Written by Emily Ogden

For fairly obvious reasons (he committed both patricide and incest), I could have written this segment of our Problematic Literary Faves column on Oedipus. But instead I decided to focus on his kids, who have just as many problems. Oedipus and his mother bore two sons and two daughters: Polyneices, Eteocles, Antigone, and Ismene. In the beginning of Sophocles’ Antigone, both brothers have died on opposing sides of a civil war. Creon, Antigone’s uncle and the king since Oedipus gouged out his eyes and exiled himself (see reasons above), has decided to deny his nephew Polyneices’ body proper burial rights as punishment for the side he chose. (This is actually quite a big deal, because it means Polyneices will not proceed into the afterlife.) Antigone defies Creon and buries her brother. Tragically, she is caught and left to die in a cave, where she hangs herself before poor Haemon, her fiancé and Creon’s son, finds her. He also commits suicide, which finally makes Creon wish he had handled this a bit differently, but of course this all came just a little too late.

Antigone is a classic martyr who nobly tries to serve the gods and help her kin, but her actions and motivations are riddled with complications. Antigone’s sister, Ismene, who like Creon decides that her duty is to the city, points out that Antigone’s actions will not only result in more death in the family, but also that they are virtually impossible anyway, because of the guards posted around the body. To this, Antigone quite literally tells her sister to go to hell. When Ismene gives up and promises she will not tell anyone of Antigone’s involvement, Antigone instead tells her to “shout it out,” because she is doing the godly thing and does not want to share this credit with anyone (line 86). Then, Antigone actually does the impossible: she successfully buries Polyneices. But when the guards discover what has happened under their very noses, she pops back out of hiding for no apparent reason and throws herself onto his body, thus basically arresting herself. When she is brought before Creon she doesn’t even try to evade execution, instead asking, “so what are you waiting for?” (line 499).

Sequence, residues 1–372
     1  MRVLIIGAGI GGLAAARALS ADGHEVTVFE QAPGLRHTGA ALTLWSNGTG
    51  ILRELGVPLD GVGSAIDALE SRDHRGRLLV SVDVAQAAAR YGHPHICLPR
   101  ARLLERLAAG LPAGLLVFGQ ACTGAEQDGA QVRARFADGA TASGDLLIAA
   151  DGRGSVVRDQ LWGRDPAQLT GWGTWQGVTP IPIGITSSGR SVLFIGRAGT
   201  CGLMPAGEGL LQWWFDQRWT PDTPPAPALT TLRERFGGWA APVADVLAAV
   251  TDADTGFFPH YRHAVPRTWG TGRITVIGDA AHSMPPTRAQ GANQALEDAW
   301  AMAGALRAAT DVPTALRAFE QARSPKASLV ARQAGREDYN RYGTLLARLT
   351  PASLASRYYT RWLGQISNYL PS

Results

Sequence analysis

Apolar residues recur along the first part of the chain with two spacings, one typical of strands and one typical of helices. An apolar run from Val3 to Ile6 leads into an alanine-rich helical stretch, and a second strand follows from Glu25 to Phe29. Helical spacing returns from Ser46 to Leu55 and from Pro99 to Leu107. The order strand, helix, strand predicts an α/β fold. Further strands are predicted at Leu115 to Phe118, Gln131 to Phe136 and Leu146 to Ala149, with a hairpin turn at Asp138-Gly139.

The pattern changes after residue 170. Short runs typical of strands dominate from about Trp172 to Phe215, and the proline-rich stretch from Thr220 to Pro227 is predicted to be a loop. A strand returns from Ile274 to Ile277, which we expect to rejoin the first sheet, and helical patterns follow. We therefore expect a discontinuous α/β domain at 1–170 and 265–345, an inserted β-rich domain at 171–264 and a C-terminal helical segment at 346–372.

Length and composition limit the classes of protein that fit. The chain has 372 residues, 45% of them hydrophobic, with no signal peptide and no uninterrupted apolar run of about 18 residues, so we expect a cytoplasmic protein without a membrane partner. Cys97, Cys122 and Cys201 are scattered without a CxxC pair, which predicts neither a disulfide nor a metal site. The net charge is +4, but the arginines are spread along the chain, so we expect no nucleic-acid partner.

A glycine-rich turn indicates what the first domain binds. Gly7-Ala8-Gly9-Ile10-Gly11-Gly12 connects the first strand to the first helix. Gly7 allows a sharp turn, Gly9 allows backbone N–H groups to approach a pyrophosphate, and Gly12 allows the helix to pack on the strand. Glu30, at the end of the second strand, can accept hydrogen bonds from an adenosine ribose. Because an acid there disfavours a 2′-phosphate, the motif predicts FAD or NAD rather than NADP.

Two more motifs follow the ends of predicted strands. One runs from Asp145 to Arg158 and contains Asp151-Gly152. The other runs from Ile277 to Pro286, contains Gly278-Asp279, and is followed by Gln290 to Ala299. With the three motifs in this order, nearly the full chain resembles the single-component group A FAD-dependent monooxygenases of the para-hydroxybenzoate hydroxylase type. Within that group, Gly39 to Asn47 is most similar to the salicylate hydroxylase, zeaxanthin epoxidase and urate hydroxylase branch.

Which brings me to my next point: not only does Antigone want glory, but she also pretty much wants to die. She knows that Oedipus isn’t winning any Father-of-the-Year awards, and almost everyone else is dead. She believes in the gods and values what happens to her in the afterlife much more than what happens to her in her terrible current one. So was the burial selfless justice, or a really complicated suicide with a bonus reward tacked on? She does end up hanging herself. I’ll wrap this up with a last, insane reason Antigone gives:

for a husband who had died there would be another for me, and a child from another man…but with mother and father covered over, in Hades, there is no brother who could ever grow up. (lines 909-911)

In other words, she couldn’t care less if her husband or child dies, but there’s no way for her to have another brother, so that is what’s important. Hmm.

Of course, there are many people who respect Antigone’s actions despite her possible motivations. She was, after all, extremely brave in the face of danger, and pious (to a fault, I’d say). No matter one’s opinion of Antigone as a person, analyzing her as a problematic hero leaves readers with the important question: is a noble act still noble if one does it for the wrong reasons? Perhaps the only one who knows the answer is Antigone herself.

Posted by:hothouselitjournal

One thought on “The Problem with Antigone: A Martyr’s Motivations

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